Fitting the definition
Class action law firms and other legal representatives have initiated more than 30 lawsuits in the last three years-plus against church plans on behalf of pensioners.
Some systems — including St. Louis-based Ascension and Livonia, Mich.-based Trinity Health — had settled prior to Supreme Court involvement in the issue, to avoid further litigation. Other lawsuits had advanced to various levels of the court system. Englewood, Colo.-based Catholic Health Initiatives prevailed at the district court level. Its case is now before the 10th Circuit Court of Appeals.
The three defendant systems that lost at the federal appellate court level were the plaintiffs in the Supreme Court case.
Gilden said that the lower court cases that have been on hold during the Supreme Court deliberations will now come back to life. Since the threshold question of eligibility for the exemption has now been decided, the focus will be on whether the plans meet the other parts of the "church plan" definition — namely, the "association with a church" and the "principal purpose" requirements.
Gilden cautioned that the courts will need to tread carefully when examining an organization's "association with a church" as this "raises significant church/state issues," she said. CHA has consistently argued throughout the litigation that under constitutional principles, only a church, and not the government, can determine what organizations are part of the church's ministerial work.
Jeffrey Greenbaum is chair of the class action practice group of Sills Cummis & Gross P.C., the defense firm that was lead counsel for Saint Peter's. Greenbaum and Saint Peters' Hirsch said that had the Supreme Court ruled in the pensioners' favor, it could have been "ruinous" for many church plans. Hirsch said the "look-back" potential for punitive fees and penalties associated with noncompliance with ERISA going back 30-plus years could have been a "significant issue" for Saint Peter's.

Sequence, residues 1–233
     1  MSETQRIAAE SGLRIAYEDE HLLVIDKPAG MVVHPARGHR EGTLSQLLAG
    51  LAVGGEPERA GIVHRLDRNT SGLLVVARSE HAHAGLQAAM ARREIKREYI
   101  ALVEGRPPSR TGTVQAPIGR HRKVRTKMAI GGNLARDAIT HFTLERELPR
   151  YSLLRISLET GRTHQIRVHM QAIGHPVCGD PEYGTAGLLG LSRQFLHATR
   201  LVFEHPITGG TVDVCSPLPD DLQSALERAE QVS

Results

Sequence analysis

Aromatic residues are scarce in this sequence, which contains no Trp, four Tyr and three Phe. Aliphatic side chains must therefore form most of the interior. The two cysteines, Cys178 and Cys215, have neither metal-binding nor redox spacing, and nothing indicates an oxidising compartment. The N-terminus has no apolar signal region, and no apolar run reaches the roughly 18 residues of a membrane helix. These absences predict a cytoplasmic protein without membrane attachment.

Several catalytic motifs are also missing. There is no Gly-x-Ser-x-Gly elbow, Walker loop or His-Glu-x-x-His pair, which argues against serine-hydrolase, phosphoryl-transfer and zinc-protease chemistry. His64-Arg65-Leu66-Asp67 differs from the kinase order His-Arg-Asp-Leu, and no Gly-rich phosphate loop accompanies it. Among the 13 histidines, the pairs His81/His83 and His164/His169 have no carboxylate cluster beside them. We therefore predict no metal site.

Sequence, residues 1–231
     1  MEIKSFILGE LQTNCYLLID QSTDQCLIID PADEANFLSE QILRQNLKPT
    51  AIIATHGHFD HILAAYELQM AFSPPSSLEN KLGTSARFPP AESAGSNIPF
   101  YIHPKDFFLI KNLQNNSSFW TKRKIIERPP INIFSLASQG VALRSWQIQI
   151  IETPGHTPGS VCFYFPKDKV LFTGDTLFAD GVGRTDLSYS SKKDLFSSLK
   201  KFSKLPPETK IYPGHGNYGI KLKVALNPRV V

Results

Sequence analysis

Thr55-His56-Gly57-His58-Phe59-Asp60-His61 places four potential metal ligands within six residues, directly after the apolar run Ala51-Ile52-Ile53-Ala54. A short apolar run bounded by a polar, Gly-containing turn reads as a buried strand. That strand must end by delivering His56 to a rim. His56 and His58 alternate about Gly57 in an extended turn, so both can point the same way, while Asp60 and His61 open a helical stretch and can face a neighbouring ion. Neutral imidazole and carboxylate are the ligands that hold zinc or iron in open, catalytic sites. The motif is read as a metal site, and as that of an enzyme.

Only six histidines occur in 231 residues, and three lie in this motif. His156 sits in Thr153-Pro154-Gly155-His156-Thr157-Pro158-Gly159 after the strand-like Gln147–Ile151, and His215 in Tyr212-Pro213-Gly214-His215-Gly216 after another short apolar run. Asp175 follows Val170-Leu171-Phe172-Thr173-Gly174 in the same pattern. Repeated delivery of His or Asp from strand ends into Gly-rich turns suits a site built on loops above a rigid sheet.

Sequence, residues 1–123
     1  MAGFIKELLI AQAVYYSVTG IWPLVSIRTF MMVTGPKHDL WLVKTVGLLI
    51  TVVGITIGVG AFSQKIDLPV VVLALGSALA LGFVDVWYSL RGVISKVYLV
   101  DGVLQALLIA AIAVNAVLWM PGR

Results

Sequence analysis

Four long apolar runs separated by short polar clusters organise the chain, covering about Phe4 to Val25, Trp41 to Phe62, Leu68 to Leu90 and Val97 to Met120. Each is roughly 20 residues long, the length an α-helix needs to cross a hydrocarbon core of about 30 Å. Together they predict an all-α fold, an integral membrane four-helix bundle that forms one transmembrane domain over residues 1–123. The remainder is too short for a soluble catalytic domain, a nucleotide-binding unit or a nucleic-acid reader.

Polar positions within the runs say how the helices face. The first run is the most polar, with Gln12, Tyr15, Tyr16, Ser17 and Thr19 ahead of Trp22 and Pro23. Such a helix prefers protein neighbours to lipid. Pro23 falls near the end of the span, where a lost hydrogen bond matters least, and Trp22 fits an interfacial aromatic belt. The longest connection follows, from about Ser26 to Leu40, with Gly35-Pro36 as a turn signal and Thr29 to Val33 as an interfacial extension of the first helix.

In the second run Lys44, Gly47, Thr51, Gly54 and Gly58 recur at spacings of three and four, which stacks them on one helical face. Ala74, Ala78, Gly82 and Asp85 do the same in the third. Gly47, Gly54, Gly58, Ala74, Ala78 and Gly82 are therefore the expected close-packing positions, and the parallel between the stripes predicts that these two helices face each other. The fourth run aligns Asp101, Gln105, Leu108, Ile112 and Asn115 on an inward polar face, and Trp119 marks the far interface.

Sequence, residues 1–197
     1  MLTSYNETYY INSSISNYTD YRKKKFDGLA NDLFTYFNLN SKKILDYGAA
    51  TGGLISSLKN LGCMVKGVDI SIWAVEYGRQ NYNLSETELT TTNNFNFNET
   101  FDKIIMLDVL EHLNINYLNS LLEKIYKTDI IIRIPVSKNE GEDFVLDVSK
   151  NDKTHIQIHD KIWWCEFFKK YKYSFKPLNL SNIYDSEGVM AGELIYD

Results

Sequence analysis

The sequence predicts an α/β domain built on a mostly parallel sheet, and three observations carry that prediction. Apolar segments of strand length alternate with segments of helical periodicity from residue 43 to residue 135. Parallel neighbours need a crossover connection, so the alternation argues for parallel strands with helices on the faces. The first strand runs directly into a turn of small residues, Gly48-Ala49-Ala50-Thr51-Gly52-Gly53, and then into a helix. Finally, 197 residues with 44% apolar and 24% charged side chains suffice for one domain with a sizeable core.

And, said Greenbaum, such a ruling could have had implications for church-related hospitals, schools, day care centers, nursing homes and other ministries that the IRS and other governmental agencies already had said were exempt from the ERISA regulations. Greenbaum said that many church plans would "not survive" if they were subject to ERISA compliance, because they would be unable to cover expenses and strict funding formulas.
Greenbaum and Hirsch said Saint Peter's pension plan is fiscally sound and plan contributions are held in an irrevocable trust that must be solely used for pension funding. The plan is not insured by the Pension Benefit Guarantee Fund, Greenbaum said. "The plan is currently being funded on a weekly basis with the advice of actuaries in accordance with church plan guidelines. It is very well funded as a church plan," he said. "No beneficiary has ever missed a payment under the pension plan and benefits have not in any way been reduced as a result of the litigation."
Greenbaum expects Saint Peter's opposing counsel to challenge whether Saint Peter's meets the definition of an organization that qualifies for the exemption. But, Greenbaum said, Saint Peter's position is that the main issue in its case already has been decided in its favor by the Supreme Court. Saint Peter's is sponsored directly by a diocese, and the bishop of that diocese retains significant control of the hospital's governance, and so Greenbaum believes that association with a church is well established for the hospital. (A small minority of Catholic hospitals are sponsored directly by a diocese.)